Aloha Kekauoha (second from the right) and her ʻohana stand in front of their brand new three bedroom home in the Villages at Laʻiʻopua in North Kona. Their home was one of five homes built in 10 days by hundreds of Habitat for Humanity West Hawaiʻi volunteers during a Blitz Build that was partly funded by the Office of Hawaiian Affairs.
To help boost Hawai‘i’s homeownership rate, OHA has focused on helping increasingly more Native Hawaiians achieve housing stability. According to the latest available figures, the number of Native Hawaiians who own homes has been steadily rising for the past four consecutive years, hitting 38,936, or 56.7 percent of all housing units owner-occupied by Native Hawaiians in 2013. At the same time, more than half of Native Hawaiian renters live in homes they are struggling to afford.
Families who pay more than 30 percent of their income for housing are considered cost burdened and may have difficulty affording necessities such as food, clothing, transportation and medical care. An estimated 51 percent of Native Hawaiians who rent their homes fall into this category.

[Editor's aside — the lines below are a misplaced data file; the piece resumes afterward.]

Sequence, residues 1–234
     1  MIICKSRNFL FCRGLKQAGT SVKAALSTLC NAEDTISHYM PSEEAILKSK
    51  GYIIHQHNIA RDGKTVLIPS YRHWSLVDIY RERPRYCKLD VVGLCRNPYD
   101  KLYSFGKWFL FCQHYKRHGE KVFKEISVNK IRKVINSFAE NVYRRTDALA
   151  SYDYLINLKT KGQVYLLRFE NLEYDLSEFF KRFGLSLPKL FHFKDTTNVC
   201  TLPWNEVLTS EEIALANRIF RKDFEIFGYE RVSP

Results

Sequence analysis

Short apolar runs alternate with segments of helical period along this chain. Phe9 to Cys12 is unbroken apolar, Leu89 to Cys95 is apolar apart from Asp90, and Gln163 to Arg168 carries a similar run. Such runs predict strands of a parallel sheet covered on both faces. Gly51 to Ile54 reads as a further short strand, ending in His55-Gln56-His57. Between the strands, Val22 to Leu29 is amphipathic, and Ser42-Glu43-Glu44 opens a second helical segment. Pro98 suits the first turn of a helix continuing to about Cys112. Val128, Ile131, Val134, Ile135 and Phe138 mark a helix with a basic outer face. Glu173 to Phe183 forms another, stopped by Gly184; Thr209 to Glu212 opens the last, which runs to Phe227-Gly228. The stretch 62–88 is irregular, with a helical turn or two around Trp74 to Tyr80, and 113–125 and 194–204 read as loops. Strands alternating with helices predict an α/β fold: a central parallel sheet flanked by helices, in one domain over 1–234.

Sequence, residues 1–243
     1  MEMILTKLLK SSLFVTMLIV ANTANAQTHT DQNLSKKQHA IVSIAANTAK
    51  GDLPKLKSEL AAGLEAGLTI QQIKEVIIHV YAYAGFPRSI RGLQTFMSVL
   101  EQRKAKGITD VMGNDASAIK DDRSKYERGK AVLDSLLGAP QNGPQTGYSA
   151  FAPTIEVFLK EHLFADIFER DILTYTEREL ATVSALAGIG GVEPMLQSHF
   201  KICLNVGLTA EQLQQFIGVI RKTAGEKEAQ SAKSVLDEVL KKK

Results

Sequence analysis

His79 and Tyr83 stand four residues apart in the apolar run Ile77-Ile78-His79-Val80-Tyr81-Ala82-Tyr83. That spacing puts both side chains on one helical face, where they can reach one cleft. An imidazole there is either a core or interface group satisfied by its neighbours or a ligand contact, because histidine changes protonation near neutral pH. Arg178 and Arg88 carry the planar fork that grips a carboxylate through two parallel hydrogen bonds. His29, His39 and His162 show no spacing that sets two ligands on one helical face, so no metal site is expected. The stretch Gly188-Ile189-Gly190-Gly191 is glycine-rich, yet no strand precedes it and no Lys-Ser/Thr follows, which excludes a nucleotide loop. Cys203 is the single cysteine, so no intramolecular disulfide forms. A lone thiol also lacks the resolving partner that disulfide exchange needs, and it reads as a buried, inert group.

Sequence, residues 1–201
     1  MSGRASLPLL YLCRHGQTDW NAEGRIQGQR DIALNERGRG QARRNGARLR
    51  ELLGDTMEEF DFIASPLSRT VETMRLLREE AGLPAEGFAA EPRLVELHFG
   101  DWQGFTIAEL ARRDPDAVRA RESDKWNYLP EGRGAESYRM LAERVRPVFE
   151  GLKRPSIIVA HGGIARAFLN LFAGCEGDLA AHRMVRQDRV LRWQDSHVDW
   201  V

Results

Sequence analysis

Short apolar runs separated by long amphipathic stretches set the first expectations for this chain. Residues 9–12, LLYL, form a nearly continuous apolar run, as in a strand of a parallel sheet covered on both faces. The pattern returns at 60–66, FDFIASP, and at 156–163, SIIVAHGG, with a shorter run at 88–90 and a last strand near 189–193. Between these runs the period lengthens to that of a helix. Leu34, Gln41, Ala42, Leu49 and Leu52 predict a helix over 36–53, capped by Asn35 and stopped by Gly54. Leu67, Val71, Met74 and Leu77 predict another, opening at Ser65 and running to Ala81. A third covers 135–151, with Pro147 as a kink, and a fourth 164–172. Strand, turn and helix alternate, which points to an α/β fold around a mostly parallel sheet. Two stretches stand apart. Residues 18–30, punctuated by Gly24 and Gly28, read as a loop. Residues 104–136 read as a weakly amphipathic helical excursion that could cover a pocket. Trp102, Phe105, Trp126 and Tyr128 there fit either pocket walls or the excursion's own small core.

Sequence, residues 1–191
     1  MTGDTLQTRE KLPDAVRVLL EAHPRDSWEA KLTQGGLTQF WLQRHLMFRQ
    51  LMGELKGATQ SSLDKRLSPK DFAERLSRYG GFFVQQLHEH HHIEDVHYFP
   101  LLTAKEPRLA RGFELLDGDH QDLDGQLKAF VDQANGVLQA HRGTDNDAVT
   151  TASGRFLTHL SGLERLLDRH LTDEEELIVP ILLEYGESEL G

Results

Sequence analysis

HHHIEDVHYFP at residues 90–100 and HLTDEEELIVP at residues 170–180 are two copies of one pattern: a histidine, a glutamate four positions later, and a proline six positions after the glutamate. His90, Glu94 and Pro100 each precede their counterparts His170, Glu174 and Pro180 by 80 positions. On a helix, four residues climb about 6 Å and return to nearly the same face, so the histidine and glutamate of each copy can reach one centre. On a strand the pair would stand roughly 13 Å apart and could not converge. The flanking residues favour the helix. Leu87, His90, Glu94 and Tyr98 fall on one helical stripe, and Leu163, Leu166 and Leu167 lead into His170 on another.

In response, OHA has set its sights on laying important groundwork for increasing homeownership and housing stability among renters within the Native Hawaiian community.
The goal is to help more Native Hawaiians become creditworthy and better at managing finances. For OHA, this is part of a broader focus on encouraging self-sufficiency by helping more Native Hawaiian families become financially viable and put down roots that strengthens communities across the state.